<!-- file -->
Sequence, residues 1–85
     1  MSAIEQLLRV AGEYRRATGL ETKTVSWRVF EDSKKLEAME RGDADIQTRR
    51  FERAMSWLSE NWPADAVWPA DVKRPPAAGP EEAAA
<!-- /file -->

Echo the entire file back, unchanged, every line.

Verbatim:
Sequence, residues 1–85
     1  MSAIEQLLRV AGEYRRATGL ETKTVSWRVF EDSKKLEAME RGDADIQTRR
    51  FERAMSWLSE NWPADAVWPA DVKRPPAAGP EEAAA